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Saving Money on Feeding Your Horse: Feed Tips for Horse-At-Home (HAH) Owners
By Mary Santagiuliana
Ms. Santagiuliana has a horse training business in Verona, Kentucky. She has more than 16 years experience with horses and for the past 9-plus years, has been training young horses.
Website: Eclipse Mountain Trainers
If you are a Horse-At-Home (HAH) owner, here are some practical feeding and horse feed-buying tips that will help you save money on your horse and help your maintain your horse's good health.
"Bulk It Up!"
The greatest expenses we HAH owners face is that of buying feed (hay and grain) and bedding. Feeding a horse is not cheap! When at all possible, buy in large quantities, especially bedding, for price savings. Bedding won’t go bad and if you have the room for it, stockpile it. Do not buy hay "by the week." To save money, it is best to purchase enough for two months, if and where possible.
If you have a well-ventilated area that is clean and dry, it won't be susceptible to mold. Buying by the week is potentially dangerous because you cannot guarantee the hay you purchase is the same as what you had the week before, and this could affect your horse's health.
As far as grain is concerned, dry pelleted feeds do not become moldy anywhere near as fast as "wet/moist" feeds (molasses-based, sweet feed). I tend to buy three bags of pelleted feed and use one a week. I try to avoid having my moist feed around for that long. Typically, if you keep it in a dry, well-ventilated environment, it should be fine. However, no matter what you feed your horse, always keep an eye out for mold!
Feed More Hay Than Grain
Horses get more DE (digestible energy) from forages (hay) than they do from grains. Also, grain is one of the last things to be digested by the horse's digestive system. So, to alleviate chances for colic, feed hay first, and then grain. (Remember: Giving your horse small meals, 2-3 times a day, is better on its system than one big meal).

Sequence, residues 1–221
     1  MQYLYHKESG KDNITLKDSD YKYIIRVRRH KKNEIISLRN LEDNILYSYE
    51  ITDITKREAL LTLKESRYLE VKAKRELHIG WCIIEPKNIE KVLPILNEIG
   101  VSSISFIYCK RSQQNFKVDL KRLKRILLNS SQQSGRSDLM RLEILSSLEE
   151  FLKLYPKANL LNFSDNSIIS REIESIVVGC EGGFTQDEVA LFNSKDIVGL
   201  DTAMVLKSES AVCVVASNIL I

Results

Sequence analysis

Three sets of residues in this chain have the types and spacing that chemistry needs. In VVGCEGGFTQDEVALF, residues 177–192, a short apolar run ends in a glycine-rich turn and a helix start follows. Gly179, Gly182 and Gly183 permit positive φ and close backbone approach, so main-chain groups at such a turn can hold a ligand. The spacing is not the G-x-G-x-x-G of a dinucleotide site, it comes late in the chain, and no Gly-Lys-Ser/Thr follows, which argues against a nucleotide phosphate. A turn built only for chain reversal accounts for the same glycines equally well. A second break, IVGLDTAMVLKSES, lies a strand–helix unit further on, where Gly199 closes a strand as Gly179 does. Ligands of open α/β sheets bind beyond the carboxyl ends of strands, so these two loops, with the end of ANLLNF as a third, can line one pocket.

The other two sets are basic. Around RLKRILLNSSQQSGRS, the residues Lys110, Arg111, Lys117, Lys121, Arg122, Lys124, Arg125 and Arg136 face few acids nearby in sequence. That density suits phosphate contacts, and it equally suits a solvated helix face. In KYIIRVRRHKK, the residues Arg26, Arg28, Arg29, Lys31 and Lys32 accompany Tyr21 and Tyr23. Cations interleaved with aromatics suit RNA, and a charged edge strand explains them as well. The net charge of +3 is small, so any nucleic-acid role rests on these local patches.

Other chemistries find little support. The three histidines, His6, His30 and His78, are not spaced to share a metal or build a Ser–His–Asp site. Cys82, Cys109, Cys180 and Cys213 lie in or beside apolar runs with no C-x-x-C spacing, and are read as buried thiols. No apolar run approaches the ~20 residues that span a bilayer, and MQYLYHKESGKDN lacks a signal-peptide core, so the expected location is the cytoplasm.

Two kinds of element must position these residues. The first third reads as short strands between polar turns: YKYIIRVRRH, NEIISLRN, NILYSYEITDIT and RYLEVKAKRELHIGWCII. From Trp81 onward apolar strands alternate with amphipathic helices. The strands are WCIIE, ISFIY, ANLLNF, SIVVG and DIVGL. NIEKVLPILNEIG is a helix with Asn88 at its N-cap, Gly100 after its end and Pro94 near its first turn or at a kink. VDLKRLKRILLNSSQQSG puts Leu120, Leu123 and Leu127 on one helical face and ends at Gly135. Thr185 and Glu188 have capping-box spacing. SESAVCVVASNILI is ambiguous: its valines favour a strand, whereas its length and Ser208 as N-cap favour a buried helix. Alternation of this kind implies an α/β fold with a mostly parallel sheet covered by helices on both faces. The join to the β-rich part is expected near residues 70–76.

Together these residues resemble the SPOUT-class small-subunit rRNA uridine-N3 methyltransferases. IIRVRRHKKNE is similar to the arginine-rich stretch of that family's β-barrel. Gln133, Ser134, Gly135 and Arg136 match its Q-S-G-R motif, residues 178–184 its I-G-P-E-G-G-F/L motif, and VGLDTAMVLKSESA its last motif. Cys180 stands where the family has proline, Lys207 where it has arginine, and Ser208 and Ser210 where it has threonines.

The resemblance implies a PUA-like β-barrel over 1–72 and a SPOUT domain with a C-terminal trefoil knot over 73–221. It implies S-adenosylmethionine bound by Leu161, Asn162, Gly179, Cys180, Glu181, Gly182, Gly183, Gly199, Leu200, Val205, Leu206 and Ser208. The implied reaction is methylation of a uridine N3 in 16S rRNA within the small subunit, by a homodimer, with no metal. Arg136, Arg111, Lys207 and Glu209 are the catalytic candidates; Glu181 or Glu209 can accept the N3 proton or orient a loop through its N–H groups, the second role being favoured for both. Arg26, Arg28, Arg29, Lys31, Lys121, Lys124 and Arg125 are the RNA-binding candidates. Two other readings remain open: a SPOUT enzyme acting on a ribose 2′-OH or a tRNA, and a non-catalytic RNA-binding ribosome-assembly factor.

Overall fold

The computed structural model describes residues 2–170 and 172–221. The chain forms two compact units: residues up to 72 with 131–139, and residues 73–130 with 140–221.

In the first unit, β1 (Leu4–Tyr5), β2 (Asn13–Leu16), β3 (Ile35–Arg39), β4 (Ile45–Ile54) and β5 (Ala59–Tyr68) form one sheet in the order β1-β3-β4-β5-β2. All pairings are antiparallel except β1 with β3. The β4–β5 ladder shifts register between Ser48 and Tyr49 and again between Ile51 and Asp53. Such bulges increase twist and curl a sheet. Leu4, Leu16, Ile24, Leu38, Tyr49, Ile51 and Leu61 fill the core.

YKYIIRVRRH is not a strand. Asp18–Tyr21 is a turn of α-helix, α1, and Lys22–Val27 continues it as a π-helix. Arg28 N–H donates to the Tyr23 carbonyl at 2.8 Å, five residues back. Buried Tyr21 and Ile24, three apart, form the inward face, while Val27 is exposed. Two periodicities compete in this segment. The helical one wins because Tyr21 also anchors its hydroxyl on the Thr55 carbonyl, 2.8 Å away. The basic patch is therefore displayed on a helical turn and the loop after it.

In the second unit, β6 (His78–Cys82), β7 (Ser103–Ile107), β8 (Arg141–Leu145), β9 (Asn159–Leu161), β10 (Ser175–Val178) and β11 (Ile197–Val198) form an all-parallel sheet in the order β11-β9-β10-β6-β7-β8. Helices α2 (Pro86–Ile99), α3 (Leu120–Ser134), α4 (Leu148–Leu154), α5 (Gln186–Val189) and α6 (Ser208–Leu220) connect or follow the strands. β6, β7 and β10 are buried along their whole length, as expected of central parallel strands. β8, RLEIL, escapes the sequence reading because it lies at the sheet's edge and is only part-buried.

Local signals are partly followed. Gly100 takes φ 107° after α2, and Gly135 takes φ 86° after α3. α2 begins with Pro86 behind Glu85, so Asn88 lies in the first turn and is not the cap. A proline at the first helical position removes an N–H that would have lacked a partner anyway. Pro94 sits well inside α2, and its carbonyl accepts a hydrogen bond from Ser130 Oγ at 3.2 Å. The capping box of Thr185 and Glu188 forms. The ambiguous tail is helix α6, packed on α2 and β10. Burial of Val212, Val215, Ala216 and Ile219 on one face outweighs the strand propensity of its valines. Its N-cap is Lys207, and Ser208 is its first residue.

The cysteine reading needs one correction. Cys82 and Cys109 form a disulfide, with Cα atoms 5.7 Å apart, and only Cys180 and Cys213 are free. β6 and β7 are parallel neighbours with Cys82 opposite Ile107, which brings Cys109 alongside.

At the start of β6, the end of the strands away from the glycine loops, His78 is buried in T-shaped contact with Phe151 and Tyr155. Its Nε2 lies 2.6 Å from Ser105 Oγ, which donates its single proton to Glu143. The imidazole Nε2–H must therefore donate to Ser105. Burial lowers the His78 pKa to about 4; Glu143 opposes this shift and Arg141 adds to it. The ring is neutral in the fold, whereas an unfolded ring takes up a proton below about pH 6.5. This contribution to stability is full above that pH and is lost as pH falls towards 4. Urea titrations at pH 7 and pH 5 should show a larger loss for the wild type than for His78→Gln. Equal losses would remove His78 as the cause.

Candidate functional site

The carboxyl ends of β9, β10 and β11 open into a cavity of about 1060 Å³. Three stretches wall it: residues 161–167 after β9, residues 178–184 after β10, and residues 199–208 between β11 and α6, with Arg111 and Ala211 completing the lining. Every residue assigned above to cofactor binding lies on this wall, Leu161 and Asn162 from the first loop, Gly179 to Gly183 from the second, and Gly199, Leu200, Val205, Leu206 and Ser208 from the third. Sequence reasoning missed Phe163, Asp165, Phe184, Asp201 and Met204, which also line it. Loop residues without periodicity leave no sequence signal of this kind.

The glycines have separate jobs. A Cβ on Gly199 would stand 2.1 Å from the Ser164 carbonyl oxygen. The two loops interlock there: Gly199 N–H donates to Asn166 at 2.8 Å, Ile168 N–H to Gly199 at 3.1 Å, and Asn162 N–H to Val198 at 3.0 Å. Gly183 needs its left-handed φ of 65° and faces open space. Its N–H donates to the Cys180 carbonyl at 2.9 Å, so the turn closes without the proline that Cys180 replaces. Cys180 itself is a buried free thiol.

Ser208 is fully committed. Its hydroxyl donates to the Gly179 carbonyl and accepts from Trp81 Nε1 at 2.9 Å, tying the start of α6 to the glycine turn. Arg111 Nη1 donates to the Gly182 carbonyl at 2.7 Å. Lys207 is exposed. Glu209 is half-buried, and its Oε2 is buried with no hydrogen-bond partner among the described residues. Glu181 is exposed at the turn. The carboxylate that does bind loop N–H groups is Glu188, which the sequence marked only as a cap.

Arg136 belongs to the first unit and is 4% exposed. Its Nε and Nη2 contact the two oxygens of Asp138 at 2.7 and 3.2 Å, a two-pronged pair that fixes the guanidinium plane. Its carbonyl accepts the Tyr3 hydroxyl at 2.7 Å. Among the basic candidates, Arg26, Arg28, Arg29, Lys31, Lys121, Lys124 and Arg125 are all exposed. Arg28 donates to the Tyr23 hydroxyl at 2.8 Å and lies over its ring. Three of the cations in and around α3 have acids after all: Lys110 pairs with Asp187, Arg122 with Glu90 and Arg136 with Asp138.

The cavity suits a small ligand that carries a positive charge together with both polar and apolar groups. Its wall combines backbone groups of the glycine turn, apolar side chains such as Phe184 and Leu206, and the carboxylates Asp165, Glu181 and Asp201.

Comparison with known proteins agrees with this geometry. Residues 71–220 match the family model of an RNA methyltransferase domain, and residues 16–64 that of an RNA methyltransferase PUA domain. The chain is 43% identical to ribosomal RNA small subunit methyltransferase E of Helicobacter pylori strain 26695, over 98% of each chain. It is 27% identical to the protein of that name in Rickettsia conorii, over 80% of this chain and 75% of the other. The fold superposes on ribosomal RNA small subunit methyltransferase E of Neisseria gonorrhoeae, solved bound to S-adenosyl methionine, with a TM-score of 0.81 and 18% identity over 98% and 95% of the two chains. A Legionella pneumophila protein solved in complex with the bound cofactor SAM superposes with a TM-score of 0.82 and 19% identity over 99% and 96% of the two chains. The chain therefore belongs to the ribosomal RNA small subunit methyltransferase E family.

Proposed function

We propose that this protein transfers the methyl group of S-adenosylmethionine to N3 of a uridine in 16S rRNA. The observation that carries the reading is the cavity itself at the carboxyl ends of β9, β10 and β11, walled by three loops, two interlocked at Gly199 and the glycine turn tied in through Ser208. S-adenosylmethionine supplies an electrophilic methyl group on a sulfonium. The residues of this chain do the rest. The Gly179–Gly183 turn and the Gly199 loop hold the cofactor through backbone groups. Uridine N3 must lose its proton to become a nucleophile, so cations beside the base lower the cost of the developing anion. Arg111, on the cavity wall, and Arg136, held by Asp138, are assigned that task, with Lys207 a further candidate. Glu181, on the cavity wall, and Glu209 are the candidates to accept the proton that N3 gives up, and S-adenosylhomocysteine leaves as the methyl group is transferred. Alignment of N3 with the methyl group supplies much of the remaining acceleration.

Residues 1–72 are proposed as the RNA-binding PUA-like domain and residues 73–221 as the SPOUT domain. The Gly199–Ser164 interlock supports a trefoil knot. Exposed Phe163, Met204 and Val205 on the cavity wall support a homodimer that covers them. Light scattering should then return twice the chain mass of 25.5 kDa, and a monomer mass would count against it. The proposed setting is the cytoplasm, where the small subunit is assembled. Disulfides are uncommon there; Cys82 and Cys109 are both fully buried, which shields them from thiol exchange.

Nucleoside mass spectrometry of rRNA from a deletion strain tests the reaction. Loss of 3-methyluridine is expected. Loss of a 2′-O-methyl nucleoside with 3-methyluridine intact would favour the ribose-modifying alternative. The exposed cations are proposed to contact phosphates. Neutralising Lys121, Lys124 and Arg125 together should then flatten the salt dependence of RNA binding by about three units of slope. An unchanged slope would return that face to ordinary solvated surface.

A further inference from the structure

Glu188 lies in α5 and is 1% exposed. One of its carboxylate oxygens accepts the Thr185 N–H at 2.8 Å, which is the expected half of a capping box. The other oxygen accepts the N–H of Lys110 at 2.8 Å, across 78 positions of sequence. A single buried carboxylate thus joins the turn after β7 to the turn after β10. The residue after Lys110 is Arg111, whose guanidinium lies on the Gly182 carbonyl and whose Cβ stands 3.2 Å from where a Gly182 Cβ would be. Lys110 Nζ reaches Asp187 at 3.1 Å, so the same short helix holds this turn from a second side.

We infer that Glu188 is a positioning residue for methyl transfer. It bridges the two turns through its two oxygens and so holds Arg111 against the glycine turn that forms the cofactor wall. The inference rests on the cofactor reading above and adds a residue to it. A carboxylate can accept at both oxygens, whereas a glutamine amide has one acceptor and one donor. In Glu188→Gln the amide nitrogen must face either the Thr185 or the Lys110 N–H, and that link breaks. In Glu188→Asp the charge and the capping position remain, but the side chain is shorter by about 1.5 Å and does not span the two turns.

An "Oily" Situation
Rice bran and wheat bran/wheat germ oil are used to help make a horse's hair coat shiny and, more importantly, for weight gain purposes. Corn oil is a safe alternative and costs about half as much since you can purchase it from your local grocery store (4 oz for a shiny coat, 8 oz to 16 oz for weight gain in normal-sized horses).
In times of severe drought and/or harsh winters, think about switching your horse to a "complete feed." A complete feed is a feed that has hay (pelleted or cubed) already in it. You can also purchase bags of cubed hay to help supplement your bales and the loss of grass.
WARNING: Always make gradual changes to your horse’s diet; start off by giving a little at a time and slowly increasing it until you reach the desired amount. In the case of feed, slowly increase the new while slowly decreasing the old.
Making an abrupt change to any horse's diet can lead to colic and even ulcers.
If you have any concerns about the health aspects of your horse, please talk to your veterinarian and/or farrier. The listed methods have worked well for me without complications, but I can't guarantee they will work for everyone. After all, things that concern horses tend to always be unpredictable.
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